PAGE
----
Christians Should Discern LGBTQ Issues in Local Communities Not Through Public Policy Statements.

Yesterday on twitter/facebook I wrote the following words:

Can we agree? @WorldVisionUSA is not a church or the church? It’s a social service agency representing variant expressions of Christianity.

My point was twofold:

1.) World Vision is not a local church. It is a large organization that really acts like a public service corporation. It is alot like a large university that once had a church behind it but now has lost that direct affiliation. It now is beholden to a huge donor base for its continued existence. It should act like that. If it makes a public statement that statement should be made for the sake of its ‘business interests.” If this is true, then in my opinion, World Vision should have very limited statements about the moral behavior of its employees.

2. The issue of LGBTQ sexual relations/marriage should be and can only be worked out locally on the ground in local communities of mission and sanctification. World Vision is not such a church so it should stay out of discerning these issues.

Once extracted out of the local churches, LGBTQ inevitably becomes a concept, an object, an ideological football being thrown in the air that we now fight over for political tactics. But the resulting discussions/debates have little to do with the real life concerns and issues of sexuality in everyday life. The actual concerns of the health, welfare, sexual development, sexual lives of people, no matter how oriented, are completely avoided, and definitely not discerned. Take a look at all the words written, there is little actual sexual stuff talked about. It can’t be discerned for real in public. Therefore, the church needs to quit making public pronouncements about LGBTQ people. It should instead open spaces for the practice of being the church under His reign where these things can actually be discerned with real people going through real sexual struggles and concerns. (Churches should also avoid making grandiose public statements on the issue. We are afterall not living in Christendom)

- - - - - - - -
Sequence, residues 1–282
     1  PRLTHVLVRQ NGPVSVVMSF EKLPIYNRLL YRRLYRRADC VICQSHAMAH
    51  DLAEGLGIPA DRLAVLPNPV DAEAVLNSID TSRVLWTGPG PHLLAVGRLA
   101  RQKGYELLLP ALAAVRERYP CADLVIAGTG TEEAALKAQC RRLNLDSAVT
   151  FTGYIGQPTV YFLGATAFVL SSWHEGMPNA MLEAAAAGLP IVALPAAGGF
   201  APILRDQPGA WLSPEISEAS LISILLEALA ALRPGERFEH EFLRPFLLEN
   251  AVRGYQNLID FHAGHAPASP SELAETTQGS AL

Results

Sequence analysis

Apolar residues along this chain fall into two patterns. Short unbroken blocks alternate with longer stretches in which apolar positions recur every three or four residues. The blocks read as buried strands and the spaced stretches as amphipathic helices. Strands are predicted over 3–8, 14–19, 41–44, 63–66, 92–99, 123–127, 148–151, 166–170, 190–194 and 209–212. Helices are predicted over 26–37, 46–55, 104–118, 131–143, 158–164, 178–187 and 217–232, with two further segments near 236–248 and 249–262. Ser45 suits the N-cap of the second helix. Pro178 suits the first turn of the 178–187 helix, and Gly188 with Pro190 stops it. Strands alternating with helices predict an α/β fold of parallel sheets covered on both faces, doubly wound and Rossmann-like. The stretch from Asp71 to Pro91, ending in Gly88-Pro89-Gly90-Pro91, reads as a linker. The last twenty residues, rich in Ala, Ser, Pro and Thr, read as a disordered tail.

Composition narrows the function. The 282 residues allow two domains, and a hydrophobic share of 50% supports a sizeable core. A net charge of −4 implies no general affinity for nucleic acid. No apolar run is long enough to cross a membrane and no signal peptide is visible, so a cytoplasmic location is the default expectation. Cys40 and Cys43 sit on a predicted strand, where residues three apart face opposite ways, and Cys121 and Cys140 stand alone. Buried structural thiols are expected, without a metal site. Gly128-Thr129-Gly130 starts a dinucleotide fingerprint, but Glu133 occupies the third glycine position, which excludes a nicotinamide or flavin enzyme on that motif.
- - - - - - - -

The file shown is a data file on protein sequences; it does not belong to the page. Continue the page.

Sanctification is part of the gospel. How it happens is in local communities of sanctification through practicing ‘presence,’ the gifts of the Spirit, confession, prayer, mutual submission to God’s voice. Apart from this there is no real discernment under His reign. This too cannot happen in public. The church, by definition, is the local place for such life! (I realize most people have not experienced this kind of church. This is obvious by the way people on my fb page could not understand why I would say World Vision is not the church). These local spaces are where we should be discerning this issue, not in public pronouncements by large organizations. (To me, these pronouncements come off as pontificating to an audience that doesn’t exist any more.)

I have expressed these convictions before. For me, the case of World Vision has only convinced me more. What say you?

(If people are interested in this kind of church, may I interest you in a copy of Prodigal Christianity – especially chapter 7,8)